This post is primarily a placeholder so I have some of the commands handy in case we ever need them again.
Approximately half of the logs that are ingested into Splunk come into our envrionment via syslog. It shouldn’t be surprising that the health checks I’ve been working on were starting to indicate that I/O was becoming a bottleneck on our syslog server, so we re-purposed a fairly new server to be a new log server to share the load.
As part of this move, we’re utilizing CentOS as our server team has standardized on RedHat and while we still run our own servers, we wanted to try and at least be a friendly environment if they were to manage the servers down the road. With that change came the introduction of SELinux and thus a couple of quick notes.
A student worker (college students that we can employee fairly cheeply) did the install, my boss did most of the initial configuration. I started getting invovled when a disk filled up and we found out that the raid array for the OS install had been created but the larger one for data (logs in this case) hadn’t.
We could throw logs under /var/log and then everything should have worked automagically, but since this is a dedicated syslog server that’s a lot of logs so we mount the drive in a different location which we’ll call /mnt/logs for the purposes of this article (its arbitrary and likely to change so a generic place holder feels best).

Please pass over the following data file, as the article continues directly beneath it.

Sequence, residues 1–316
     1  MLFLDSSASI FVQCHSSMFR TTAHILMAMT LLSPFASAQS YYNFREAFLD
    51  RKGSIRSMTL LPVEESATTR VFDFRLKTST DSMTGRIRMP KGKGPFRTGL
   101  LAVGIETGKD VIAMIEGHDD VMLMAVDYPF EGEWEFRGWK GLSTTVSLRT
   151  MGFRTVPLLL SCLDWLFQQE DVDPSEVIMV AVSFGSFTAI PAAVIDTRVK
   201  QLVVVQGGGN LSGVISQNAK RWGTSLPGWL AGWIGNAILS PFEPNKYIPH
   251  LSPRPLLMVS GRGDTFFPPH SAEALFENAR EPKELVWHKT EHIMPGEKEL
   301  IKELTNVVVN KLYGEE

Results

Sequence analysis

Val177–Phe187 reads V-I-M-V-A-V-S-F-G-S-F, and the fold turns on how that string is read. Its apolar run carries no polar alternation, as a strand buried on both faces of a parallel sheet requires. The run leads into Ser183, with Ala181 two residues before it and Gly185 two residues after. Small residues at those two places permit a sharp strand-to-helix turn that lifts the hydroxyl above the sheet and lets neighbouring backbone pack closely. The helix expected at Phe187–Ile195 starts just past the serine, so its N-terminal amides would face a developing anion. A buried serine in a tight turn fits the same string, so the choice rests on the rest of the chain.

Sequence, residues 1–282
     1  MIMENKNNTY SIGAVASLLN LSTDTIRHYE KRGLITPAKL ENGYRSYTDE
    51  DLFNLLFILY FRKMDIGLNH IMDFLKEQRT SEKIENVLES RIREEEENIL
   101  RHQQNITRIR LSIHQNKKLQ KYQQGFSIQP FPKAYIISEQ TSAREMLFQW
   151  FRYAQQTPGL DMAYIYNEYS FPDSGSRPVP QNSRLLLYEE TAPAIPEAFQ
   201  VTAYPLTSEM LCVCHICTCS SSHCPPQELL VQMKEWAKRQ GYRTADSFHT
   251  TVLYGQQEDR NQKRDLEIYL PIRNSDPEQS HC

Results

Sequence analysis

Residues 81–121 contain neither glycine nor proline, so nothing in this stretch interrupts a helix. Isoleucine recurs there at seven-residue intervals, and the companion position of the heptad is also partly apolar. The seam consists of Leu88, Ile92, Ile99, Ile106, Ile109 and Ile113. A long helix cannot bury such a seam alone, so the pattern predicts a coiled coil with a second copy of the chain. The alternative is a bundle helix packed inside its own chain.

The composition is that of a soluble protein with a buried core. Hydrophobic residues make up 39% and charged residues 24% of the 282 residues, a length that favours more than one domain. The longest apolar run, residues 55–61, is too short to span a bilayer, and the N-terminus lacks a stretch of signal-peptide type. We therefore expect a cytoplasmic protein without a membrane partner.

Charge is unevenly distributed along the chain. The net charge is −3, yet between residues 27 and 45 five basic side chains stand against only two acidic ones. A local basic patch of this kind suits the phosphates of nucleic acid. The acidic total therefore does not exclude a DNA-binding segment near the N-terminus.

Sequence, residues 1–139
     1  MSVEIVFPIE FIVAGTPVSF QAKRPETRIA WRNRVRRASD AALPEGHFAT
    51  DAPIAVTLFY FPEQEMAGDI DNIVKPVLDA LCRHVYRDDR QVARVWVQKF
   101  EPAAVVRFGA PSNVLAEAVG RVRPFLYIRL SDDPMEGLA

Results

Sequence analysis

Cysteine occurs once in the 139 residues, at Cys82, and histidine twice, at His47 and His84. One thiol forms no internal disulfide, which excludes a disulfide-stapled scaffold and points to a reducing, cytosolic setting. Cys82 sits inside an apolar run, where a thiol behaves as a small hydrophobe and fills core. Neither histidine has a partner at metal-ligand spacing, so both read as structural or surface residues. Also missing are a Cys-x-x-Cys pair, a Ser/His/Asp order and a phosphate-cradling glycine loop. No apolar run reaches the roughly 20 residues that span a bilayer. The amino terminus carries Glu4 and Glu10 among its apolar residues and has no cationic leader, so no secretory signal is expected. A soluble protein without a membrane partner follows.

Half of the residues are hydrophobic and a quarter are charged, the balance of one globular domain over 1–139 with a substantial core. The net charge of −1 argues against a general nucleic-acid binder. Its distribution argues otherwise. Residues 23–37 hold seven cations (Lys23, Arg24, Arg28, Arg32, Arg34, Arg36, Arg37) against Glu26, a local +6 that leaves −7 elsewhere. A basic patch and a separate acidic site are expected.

File System Prep
Ext3 to Ext4
The original file system for the /mnt/logs partition was formatted as ext3; while there is nothing wrong with that, most of our other partitions are using ext4 so I went ahead and converted it for consistency’s sake.
sudo tune2fs -O extents,uninit_bg,dir_index /dev/sdb sudo e2fsck -fDC0 /dev/sdb
Reserve only 5 inodes for superuser (vs 5%)
By default 5% of the filesystem is reserved for root; this is a really nice feature as if the drive “fills up” it ensures the administrator has some wiggle room to use while freeing up space. On a partition dedicated to logs, we don’t expect any files to be used by root (so this amount will likely be completely available) and as this is a large partition 5% is quite significant, so we lower this to 5 inodes.
sudo tune2fs -r 5 /dev/sdb
Find the UUID for the drive to create the /etc/fstab entry
I really like the idea of using UUID; since we’re utilizing drives in bays physically in the server’s chasis, I wouldn’t expect the order to change, but UUIDs are easy enough .
sudo blkid /dev/sdb
Change the Label:
sudo chcon -R -t var_log_t /mnt/logs
Change the Stored Label (so relabeling doesn’t break syslog)::
semanage fcontext -a -t var_log_t /mnt/logs
Run a Test Restore to Validate Above Change:
restorecon -R -v /mnt/logs
rsync -av '$(find /mnt/logs -type f -ctime -1)' /mnt/new_logs